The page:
The day after:
I spoke to my brother John, who was at the game last night with my 4-year old nephew Xavier, and my teenage nieces Brittany and Carrin. John seems to always be at these kinds of games. Some highlights of our conversation (his voice was hoarse):
"How long did you stay?"
"For the whooooooole thing."
On the chances of a comeback:
"The A's were hitting the ball hard all night, so I felt like we had a chance to at least make it interesting."
The magical seventh inning:
"When Holliday came up with the bases loaded, Xavier said, 'Are we winning yet?' I told him, 'Not yet.' Then Holliday just crushed it. Brittany went crazy. 'Oh my God! I prayed! I prayed that he would hit it over the 388 sign, and he did! He did!' At that point it felt like there were 50,000 fans there."
Their seats were right behind the plate, which gave John a perfect view of the game's last play:
"I shouted to Suzuki that the runner was heading for the plate, which I think gave him a new kind of urgency, but he didn't rush the throw or anything. It was perfect. I didn't see the replay but he looked out to me."
The bedlam that ensued heading for the exits:
"After the game it was like a Raider crowd, the way people were carrying on, with chants of Let's Go Oakland. I won't soon forget this one."
It was quite simply the greatest comeback in Oakland A's history. Ha, if it were only that simple.
Makes you wonder how Jason Giambi is feeling right about now.
In a season in which the A's have done so little right, they seemed intent on outdoing themselves over the last two games, in two completely different ways. Yesterday they went goose egg for ten innings, wasting a near-perfect outing by Brett Anderson, when just one little run would have sufficed.
So tonight in the very first inning, they scored two runs, which was good enough to keep them within ten runs of the Twins at 12-2 after Minnesota's third turn at bat. Through six innings they had seven runs and 15 hits, and still trailed 13-7, seemingly well on their way to a seventh loss in which they've plated seven or more runs (that would have tied them with Cleveland and Washington for that dubious distinction).
Their starter Gio Gonzalez was the anti-Anderson. One day after it took the Angels 21 batters to get their first baserunner against Anderson, Gonzalez was slightly less effective against the same amount of Twins, who lit him up like a pinball machine to the ungodly tune of 10 hits, 3 walks, and 11 earned runs in 2-1/3 innings.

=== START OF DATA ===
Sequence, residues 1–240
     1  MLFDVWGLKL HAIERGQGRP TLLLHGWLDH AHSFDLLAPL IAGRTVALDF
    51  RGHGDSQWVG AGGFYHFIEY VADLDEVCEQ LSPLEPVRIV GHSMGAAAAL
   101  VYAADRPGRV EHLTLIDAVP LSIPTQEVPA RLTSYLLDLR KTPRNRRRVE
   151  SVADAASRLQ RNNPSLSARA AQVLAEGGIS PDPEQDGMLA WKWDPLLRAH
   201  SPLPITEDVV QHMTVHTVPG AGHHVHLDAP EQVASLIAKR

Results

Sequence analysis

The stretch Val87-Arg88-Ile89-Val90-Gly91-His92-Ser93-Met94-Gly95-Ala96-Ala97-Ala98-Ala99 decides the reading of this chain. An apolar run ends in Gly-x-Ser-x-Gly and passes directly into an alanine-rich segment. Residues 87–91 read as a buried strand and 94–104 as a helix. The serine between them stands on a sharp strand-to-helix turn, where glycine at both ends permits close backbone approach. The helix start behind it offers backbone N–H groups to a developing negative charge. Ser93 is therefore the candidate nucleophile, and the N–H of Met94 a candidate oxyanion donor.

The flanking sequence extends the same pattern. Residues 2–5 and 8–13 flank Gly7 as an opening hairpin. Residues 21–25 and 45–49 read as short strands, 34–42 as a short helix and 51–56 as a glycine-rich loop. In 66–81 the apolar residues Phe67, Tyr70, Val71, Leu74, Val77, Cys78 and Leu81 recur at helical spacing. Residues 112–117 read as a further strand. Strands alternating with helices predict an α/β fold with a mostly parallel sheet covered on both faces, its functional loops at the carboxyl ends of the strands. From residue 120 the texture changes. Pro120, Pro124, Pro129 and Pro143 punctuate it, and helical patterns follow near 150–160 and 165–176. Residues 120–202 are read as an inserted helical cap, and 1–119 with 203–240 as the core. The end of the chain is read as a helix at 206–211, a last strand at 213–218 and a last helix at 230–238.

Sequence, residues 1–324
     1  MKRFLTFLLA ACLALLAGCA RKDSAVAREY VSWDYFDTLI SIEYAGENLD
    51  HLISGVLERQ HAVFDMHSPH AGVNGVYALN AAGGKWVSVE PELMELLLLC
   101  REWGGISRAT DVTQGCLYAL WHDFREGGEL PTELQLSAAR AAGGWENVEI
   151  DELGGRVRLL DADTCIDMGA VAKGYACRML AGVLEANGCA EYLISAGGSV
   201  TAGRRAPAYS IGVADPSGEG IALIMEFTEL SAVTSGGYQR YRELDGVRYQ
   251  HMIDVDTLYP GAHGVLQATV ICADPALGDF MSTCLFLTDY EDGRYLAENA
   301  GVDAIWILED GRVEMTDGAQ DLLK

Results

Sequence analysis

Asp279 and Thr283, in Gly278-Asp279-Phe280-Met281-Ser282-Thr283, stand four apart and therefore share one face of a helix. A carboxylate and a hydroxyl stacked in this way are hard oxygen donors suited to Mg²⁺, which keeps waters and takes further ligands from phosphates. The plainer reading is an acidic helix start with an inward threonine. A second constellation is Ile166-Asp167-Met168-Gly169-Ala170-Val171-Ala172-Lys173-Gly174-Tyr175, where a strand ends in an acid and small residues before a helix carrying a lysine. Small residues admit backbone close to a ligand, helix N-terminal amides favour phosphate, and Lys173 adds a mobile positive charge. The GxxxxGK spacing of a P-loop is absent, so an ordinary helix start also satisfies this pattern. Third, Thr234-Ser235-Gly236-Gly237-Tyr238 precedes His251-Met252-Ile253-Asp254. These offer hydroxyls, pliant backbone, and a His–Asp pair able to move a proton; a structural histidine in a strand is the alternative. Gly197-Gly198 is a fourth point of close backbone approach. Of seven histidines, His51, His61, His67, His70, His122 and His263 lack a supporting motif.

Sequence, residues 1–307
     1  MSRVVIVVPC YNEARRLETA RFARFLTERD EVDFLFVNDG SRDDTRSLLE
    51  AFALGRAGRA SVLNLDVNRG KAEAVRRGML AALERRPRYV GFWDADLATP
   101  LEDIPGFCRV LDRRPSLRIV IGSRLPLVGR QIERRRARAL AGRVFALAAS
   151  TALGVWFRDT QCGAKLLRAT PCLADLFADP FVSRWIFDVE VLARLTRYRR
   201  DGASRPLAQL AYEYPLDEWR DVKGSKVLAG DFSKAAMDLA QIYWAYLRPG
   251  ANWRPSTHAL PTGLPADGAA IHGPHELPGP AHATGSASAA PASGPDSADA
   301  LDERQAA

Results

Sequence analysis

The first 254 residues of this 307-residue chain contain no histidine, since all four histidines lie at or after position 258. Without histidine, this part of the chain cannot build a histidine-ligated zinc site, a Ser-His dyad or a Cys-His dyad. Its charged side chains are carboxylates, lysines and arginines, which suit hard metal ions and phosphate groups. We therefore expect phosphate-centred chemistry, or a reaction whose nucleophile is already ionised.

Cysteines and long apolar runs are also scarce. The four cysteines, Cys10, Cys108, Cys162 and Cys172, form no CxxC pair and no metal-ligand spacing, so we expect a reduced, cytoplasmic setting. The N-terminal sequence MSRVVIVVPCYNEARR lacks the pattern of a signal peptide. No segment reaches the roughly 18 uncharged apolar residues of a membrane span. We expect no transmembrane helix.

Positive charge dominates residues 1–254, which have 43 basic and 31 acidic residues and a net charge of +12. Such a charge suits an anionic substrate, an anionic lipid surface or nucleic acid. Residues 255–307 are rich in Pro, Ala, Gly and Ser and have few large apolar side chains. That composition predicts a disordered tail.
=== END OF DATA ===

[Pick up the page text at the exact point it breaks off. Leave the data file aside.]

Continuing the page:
On a night that we celebrated the 40-year anniversary of Neil Armstrong's giant leap for mankind, the Twins knocked Gonzalez out with four moon shots- one each by Jason Kubel (a 3-run blast in the first) and Michael Cuddyer (a solo shot in the third), and two by Justin Morneau (a grand slam in the second, and a 3-run laser in the third).
But the A's pecked away, while the bullpen played the role of unsung hero.
A two-run homerun by Daric Barton followed an RBI-single by Jack Cust, and cut the lead to 12-5 after three. Matt Holliday did the same in the fourth, and suddenly it was 12-7.
Santiago Casilla gave one back in the fifth, but the Twins would score no more, stifled by an assembly line of arms: Russ Springer, Craig Bleslow, Brad Ziegler, and Michael Wuertz.
While AN waited for the nightly tease, figuring the A's would sneak to within a run or two in the ninth, the offense that was sorely lacking yesterday- and most of this season for that matter- pulled a fast one on the Twins. And us.
Orlando Cabrera doubled home a pair of runs to make 13-9, and after a walk to Scott Hairston, up stepped Holliday, who lifted a grand slam to tie the game. With José Mijares in to face Cust, the tie lasted one pitch, as the slugger went deep to center to give the A's an impossible lead.
The Twins weren't dead yet, as they threatened in the eighth. But a Ziegler-induced double play killed the rally, and the A's turned to Wuertz in the ninth. After he struck out the first two batters, Wuertz gave up a double to Cuddyer and intentionally walked Kubel, before unleashing a wild pitch that Kurt Suzuki could not locate as Cuddyer and Kubel worked their way around the bases. By the time Suzuki found the ball, Cuddyer had broken for the plate. Suzuki threw the ball to a waiting Wuertz who applied the game-ending tag.
Was he safe? Yes. Do I care? No.
A most fitting ending to a game this recap does no justice to.